Digital North Carolina Blog

Digital North Carolina Blog

This blog is maintained by the staff of the North Carolina Digital Heritage Center and features highlights from the collections at DigitalNC, an online library of primary sources from institutions across North Carolina.

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Viewing entries by Katie McNeirney

UNC Library Extension Publications Now Online

Assorted UNC Library Extension Publications

English History through Historical Novels (1957), Thomas Wolfe: Carolina Student (1950), Africa: South of the Sahara (1955), The Southern Garden (1934), and Books as Windows to Your World (1956).

Interested in studying reading, writing, or politics? Check out these newly digitized UNC Library Extension publications from 1934-1958. The Library Extension Publications provided introductory essays and accompanying short study outlines based on library materials. The essays cover a wide range of contemporary literary and academic issues, either addressed in a standalone issue or in a series (e.g. “Adventures in Reading” and “Other People’s Lives”). Particularly interesting are the articles covering the political turbulence in Europe leading up to the second world war. Europe in Transition [1935] takes a brief early look at the contemporaneous rises of Mussolini and Hitler, as well as the political climate of the rest of Europe. For more on the politics of Europe at that time, check out Political Problems in Present-Day Europe 1938 and 1939.

These volumes are shared from the North Carolina Collection at the University of North Carolina at Chapel Hill.

Tarboro’s Home Front News now Available Online

Mothers of Servicemen portraits, May 1945.

Mothers of Servicemen portraits, May 1945.

Twenty-two issues of The Home Front News are now available on DigitalNC! The Home Front News was a World War II newspaper produced by the Tarboro Rotary Club in Edgecombe County, N.C.. Edgecombe County Memorial Library provided us with issues from March 20, 1943 to the last issue on September 20, 1945.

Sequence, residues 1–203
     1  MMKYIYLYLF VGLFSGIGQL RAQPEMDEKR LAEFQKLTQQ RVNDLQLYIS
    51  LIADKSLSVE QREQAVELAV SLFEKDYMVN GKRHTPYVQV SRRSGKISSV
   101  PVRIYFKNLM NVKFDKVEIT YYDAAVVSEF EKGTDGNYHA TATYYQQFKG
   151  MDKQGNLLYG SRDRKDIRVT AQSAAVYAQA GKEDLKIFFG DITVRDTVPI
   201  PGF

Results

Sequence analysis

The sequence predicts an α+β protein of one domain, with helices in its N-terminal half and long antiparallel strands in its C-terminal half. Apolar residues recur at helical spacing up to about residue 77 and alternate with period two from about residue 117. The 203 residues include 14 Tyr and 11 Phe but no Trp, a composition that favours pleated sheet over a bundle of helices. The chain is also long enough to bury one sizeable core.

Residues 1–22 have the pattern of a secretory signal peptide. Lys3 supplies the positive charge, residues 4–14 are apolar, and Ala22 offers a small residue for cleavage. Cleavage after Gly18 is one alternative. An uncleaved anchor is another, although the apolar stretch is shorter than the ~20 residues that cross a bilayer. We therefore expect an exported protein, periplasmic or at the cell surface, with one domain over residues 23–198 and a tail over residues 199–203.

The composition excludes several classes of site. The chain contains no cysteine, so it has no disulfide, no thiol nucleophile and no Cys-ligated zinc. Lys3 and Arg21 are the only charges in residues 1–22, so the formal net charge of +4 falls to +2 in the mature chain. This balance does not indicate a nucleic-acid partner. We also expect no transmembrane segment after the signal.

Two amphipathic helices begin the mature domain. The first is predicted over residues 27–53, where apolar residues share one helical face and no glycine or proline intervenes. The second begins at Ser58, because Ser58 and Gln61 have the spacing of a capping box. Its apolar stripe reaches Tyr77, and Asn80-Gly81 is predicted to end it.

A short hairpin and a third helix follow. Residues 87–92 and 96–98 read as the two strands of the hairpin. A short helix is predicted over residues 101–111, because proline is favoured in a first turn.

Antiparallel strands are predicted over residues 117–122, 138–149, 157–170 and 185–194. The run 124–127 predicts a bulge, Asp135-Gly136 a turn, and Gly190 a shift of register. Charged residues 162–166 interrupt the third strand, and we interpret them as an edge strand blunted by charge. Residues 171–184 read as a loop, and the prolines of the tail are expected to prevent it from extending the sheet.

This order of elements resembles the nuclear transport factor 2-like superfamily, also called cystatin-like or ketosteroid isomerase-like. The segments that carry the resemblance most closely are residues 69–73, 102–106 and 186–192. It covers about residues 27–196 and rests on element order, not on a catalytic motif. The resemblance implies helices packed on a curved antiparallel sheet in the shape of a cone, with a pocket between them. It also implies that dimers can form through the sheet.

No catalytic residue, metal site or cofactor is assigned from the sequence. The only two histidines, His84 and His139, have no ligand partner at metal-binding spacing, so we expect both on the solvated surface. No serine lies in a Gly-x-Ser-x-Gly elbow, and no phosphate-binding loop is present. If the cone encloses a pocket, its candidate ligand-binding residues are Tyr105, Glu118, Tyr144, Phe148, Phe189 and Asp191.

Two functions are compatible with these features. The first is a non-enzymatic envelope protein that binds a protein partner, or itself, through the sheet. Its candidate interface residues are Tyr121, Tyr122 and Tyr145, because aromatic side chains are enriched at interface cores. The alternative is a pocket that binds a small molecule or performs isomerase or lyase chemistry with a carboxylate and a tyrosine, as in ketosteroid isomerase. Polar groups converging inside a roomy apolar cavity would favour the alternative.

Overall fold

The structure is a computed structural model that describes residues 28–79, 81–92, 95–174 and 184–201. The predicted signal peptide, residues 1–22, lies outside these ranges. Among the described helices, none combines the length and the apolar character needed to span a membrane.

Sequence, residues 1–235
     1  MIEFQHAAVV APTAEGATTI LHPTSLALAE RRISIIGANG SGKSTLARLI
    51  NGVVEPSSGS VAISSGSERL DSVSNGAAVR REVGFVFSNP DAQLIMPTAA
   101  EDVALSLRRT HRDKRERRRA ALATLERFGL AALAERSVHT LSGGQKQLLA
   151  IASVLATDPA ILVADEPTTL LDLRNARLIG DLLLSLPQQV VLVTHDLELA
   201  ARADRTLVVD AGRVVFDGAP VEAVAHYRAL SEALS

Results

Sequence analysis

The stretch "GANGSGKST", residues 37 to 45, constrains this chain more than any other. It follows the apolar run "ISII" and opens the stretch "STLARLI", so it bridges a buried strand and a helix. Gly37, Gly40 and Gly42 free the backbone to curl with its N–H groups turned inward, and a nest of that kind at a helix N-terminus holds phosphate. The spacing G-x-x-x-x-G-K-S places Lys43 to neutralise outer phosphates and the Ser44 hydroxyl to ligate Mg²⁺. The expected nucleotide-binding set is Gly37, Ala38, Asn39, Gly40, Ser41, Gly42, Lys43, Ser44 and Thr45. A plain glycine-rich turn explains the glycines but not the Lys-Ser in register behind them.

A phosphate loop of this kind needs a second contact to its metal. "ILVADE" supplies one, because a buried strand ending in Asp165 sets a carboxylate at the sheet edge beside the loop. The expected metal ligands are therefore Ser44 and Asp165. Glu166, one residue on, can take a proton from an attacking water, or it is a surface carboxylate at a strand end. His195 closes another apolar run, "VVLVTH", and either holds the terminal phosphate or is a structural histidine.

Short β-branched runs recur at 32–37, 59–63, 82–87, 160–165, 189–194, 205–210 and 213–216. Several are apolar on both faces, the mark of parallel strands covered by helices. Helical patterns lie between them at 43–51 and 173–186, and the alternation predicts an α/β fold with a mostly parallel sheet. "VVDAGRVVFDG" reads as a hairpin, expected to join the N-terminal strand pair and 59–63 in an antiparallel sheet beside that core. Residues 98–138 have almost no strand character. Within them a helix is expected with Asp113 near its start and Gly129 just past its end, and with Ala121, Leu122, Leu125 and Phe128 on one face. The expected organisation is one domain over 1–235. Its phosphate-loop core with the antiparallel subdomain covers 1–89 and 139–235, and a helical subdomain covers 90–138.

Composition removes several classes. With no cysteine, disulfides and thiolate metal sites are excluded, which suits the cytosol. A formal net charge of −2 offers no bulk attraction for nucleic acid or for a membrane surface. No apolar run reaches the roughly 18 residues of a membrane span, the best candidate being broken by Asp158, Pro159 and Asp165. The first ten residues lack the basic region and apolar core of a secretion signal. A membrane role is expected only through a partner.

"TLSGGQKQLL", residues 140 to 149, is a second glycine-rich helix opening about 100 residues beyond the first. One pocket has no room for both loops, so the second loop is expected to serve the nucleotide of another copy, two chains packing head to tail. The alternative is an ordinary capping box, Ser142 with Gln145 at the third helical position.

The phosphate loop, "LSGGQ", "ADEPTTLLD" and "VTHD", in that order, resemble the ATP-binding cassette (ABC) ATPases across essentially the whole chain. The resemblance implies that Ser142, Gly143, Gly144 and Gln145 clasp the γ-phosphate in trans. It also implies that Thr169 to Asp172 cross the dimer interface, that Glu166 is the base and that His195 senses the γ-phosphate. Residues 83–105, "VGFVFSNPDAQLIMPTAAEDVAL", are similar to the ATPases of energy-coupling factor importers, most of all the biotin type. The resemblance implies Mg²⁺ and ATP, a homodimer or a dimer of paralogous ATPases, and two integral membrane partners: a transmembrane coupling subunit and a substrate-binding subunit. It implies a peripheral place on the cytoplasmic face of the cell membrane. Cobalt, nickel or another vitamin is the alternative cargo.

The newspapers are full of jokes, clever rhymes, and drawings of pin-up girls. Not only did the paper provide entertainment for the soldiers overseas, but it also served as a register for births, marriages, and deaths.

There was even a dedicated Mothers of Service Men issue in May 1945 which featured portraits of over a hundred local mothers dressed in their Sunday best (pictured above). These portraits were taken by M.S. Brown, a Tarboro resident and photographer who owned the Coca-Cola factory. Brown almost always contributed at least one photograph per issue, usually a full page toward the back of the newspaper with a portrait of a community resident and caption. For more photos taken by “Coca-Cola Brown”, view the M.S. Brown Digital Exhibit.

"Now the point is, you won't get stuck if you pin me up." From September 20, 1943 issue.

“Now the point is, you won’t get stuck if you pin me up.” From September 20, 1943 issue.

Duke University School of Medicine Yearbooks Digitized

stethoscope19501950duke_0013We recently digitized yearbooks from the Duke University School of Medicine, spanning years 1950-2013. A few of these in particular stand out and offer insight into the social culture of the era. The 1950 yearbook is bursting with recently married post-war couples and their baby boomer babies, and yearbooks for decades afterwards continue to list spouse and children’s names next to the graduate’s photo.

The 1968 yearbook includes a stunning photographic essay chronicling Durham and its community, hospital patients, medical students, and the Duke campus.

The 1970 yearbook provides perspectives on the war in Vietnam and views on the social unrest and protests in the States. It includes a short article on the booming drug culture titled “Give Me Librium or Give Me Meth,” as well as a full-page photo declaring that “Smithfield is KKKK [sic] country.”